In this series we take a look back at some of the most notorious errors and
heresies that have threatened the church over the centuries, as well as the subtle (and not so subtle) ways in
which those false teachings continue to haunt 21st century thought and theology.
Unlike other errors, Donatism did not grow out of futile attempts to explain the deep things of God. It sprouted from the aftermath of persecution.
Roman Emperor Diocletian (A.D. 284-305) initiated a severe persecution in an effort to turn Christians back to paganism. Many Christians then renounced the faith, and many others were imprisoned, tortured, or put to death.
After the persecution, a point of controversy was whether Christians who had forsaken the faith could come back to the church. The church said that they could be readmitted after a lengthy penance. Some, however, referred to those who had renounced the faith as traditores (“traitors”), and said they would need to be rebaptized. Donatus, in North Africa, was one of these opposition leaders and the one from whom Donatism receives its name.
Donatists also said that no traditor could serve in the church, and that any sacraments performed by a traditor were invalid. By contrast, the church taught that moral unworthiness among the clergy did not affect the validity of the sacraments they administered.
The division in the church grew as each side worked hard to gain congregations. In the ensuing years, the fortunes of the Donatists rose with freedom and fell with persecution according to each new emperor’s wishes and whims.
When the Vandals conquered Africa in 428, the Donatist controversy was effectively ended. A few Donatists remained even then, but like the rest of Africa, these were swept away by the Islamic conquest at the end of the 7th Century.
The historic Lutheran Confessions condemn the Donatists and their practices while upholding the true nature of the Church. “Our churches condemn the Donatists and others like them who have denied that the ministry of evil men may be used in the church.” (Augsburg Confession, VIII, see also Apology of the Augsburg Confession, VII and VIII)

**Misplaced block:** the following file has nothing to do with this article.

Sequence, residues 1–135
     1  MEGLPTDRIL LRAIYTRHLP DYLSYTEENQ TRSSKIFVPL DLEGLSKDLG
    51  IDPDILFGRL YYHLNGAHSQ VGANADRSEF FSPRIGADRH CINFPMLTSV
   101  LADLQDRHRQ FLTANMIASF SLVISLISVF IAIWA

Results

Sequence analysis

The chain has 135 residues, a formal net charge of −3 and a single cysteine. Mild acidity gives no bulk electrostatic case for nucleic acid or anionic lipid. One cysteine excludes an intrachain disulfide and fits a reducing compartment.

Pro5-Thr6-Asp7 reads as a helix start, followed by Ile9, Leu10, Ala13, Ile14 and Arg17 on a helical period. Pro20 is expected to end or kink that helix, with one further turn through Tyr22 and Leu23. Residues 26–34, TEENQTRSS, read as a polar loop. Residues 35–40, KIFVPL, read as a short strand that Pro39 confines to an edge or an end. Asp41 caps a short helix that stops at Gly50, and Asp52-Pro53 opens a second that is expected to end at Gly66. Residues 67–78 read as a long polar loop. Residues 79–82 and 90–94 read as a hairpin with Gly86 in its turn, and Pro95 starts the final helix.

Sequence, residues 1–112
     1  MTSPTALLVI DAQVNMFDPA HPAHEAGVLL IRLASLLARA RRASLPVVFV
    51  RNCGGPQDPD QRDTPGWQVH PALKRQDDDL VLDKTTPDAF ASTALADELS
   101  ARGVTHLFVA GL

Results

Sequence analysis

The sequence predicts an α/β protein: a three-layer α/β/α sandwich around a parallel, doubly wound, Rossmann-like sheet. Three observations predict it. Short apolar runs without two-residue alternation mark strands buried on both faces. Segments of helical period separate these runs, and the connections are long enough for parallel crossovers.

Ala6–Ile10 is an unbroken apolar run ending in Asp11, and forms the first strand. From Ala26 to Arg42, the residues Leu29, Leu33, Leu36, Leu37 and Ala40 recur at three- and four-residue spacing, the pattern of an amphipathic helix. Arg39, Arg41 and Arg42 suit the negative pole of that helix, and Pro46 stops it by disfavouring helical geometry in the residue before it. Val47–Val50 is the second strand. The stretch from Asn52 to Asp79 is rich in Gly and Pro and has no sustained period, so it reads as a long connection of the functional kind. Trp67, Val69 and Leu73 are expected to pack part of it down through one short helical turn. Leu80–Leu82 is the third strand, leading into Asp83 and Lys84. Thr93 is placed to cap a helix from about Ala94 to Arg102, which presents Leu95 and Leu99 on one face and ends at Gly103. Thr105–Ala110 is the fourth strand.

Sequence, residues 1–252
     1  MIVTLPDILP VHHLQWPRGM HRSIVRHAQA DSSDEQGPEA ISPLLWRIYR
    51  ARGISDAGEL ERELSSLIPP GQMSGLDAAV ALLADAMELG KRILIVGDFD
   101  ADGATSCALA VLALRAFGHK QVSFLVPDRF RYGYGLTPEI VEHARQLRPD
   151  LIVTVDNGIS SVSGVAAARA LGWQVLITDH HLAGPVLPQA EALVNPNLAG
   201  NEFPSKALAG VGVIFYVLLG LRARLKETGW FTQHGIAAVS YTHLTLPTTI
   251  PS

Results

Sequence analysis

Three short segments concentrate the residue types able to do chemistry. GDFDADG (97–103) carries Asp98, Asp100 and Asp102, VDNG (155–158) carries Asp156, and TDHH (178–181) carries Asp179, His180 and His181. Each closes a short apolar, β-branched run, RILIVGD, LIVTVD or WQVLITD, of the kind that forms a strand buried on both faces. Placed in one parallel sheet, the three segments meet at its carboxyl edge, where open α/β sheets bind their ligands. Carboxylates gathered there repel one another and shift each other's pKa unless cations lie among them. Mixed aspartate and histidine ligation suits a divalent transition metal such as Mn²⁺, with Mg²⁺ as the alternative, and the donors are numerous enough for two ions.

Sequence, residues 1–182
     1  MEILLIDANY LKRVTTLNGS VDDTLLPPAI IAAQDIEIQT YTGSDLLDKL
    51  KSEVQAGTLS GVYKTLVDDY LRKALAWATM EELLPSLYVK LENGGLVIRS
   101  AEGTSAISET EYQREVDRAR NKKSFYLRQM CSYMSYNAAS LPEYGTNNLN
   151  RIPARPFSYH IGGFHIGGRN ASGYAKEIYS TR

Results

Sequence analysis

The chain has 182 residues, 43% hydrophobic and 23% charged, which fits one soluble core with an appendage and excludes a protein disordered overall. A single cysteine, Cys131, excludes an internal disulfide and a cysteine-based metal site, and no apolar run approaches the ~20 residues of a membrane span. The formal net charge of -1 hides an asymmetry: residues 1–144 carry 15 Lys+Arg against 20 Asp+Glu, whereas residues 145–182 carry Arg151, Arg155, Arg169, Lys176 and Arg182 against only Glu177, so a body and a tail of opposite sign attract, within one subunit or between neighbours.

The questions asked after Diocletian’s persecution echoed in eastern Europe after the fall of Communism, “Should men who collaborated with Communists be considered for leadership in the churches?” Variations of the Donatists’ incorrect application of Scripture continue to echo within Christianity. Applying God’s Word faithfully gives clear direction.
The “way back to the Church” after falling from faith is not through church-prescribed penance and rebaptism. Rather, it comes only through the atoning work of Jesus and the forgiveness that is received by grace through faith. The goal is not to punish those who have stumbled, but to restore them. “Brethren, if a man is overtaken in any trespass, you who are spiritual restore such a one in a spirit of gentleness.” (Galatians 6:1) “You ought rather to forgive and comfort him [the penitent], lest perhaps such a one be swallowed up with too much sorrow.” (2 Corinthians 2:7-8)
The blessings that come to us through Baptism and the Lord’s Supper are not dependent on the faith of the one who administers them. If that were true, how could we ever truly know whether or not we had received God’s gifts? Rather, it is the Gospel in Word and Sacrament that is “the power of God to salvation.” (Romans 1:16) Nevertheless, it is also true that called servants are to be “blameless, as a steward of God” (Titus 1:7), so there can be situations in which a called servant’s fall into sin leaves him unable to continue effectively serving in the public ministry.
When sin creates difficult situations, the right course will always and forever be to “follow Christ.” The solution is to keep our eyes trained on Him (Hebrews 12:2), and to let the Gospel of forgiveness through Christ alone lead the way.
In reaction to the Donatists, Augustine said, “The church is composed of sinners; if we excluded all sinners, no one would be in ministry.” We are indeed all sinners—redeemed sinners through the blood of Christ. That is the proclamation that drowns out every one of error’s echoes.
Wayne Eichstadt is pastor of Gethsemane Lutheran Church in Spokane Valley, Washington.